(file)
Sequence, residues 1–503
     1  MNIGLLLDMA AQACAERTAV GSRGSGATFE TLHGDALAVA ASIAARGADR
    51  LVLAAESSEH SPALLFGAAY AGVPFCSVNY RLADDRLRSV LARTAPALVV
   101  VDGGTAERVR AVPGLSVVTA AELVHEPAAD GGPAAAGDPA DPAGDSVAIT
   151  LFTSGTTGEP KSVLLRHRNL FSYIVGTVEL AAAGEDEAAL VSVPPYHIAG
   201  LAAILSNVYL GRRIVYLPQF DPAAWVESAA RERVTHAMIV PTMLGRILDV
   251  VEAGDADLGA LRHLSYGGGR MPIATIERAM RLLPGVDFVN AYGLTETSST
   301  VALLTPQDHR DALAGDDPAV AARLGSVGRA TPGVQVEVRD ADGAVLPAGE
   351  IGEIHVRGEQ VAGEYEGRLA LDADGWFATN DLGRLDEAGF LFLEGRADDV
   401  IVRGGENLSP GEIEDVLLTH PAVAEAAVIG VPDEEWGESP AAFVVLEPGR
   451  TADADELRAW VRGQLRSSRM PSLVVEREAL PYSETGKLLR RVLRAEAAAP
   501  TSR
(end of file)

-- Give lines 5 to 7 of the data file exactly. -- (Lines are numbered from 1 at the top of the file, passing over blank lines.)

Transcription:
   151  LFTSGTTGEP KSVLLRHRNL FSYIVGTVEL AAAGEDEAAL VSVPPYHIAG
   201  LAAILSNVYL GRRIVYLPQF DPAAWVESAA RERVTHAMIV PTMLGRILDV
   251  VEAGDADLGA LRHLSYGGGR MPIATIERAM RLLPGVDFVN AYGLTETSST